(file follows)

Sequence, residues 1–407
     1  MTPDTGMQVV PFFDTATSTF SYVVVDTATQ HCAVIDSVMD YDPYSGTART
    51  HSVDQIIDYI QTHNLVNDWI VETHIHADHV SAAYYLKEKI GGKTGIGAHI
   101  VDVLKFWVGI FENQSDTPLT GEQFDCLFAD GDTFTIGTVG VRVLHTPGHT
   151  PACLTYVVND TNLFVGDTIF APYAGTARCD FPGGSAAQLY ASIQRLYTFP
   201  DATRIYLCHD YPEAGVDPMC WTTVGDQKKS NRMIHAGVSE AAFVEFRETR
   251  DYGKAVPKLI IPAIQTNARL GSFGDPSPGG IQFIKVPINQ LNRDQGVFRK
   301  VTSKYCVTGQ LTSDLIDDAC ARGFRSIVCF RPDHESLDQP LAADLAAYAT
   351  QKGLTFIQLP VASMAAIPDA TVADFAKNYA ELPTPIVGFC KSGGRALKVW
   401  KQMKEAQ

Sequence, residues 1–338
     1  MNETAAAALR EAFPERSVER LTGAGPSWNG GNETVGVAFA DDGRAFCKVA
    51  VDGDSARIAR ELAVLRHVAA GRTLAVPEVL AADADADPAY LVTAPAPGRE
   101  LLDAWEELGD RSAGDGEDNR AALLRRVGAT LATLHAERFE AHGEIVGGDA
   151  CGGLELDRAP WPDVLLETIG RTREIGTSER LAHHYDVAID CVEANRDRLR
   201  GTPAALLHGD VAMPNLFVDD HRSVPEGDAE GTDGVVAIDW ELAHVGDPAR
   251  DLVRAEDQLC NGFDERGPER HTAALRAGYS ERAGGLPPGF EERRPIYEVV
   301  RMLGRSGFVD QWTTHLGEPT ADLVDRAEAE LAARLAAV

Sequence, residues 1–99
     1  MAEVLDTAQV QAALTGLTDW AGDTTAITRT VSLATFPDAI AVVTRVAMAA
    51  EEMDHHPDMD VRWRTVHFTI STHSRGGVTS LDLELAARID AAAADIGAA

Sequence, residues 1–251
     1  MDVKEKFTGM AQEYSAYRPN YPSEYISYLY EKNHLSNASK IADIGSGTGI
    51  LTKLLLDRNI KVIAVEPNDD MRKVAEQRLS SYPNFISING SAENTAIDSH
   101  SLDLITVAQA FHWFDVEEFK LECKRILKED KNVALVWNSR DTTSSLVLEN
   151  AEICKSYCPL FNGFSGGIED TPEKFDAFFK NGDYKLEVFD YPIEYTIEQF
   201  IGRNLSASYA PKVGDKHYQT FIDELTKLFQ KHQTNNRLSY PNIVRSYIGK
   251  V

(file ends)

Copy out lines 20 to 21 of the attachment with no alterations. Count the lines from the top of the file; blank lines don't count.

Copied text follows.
     1  MAEVLDTAQV QAALTGLTDW AGDTTAITRT VSLATFPDAI AVVTRVAMAA
    51  EEMDHHPDMD VRWRTVHFTI STHSRGGVTS LDLELAARID AAAADIGAA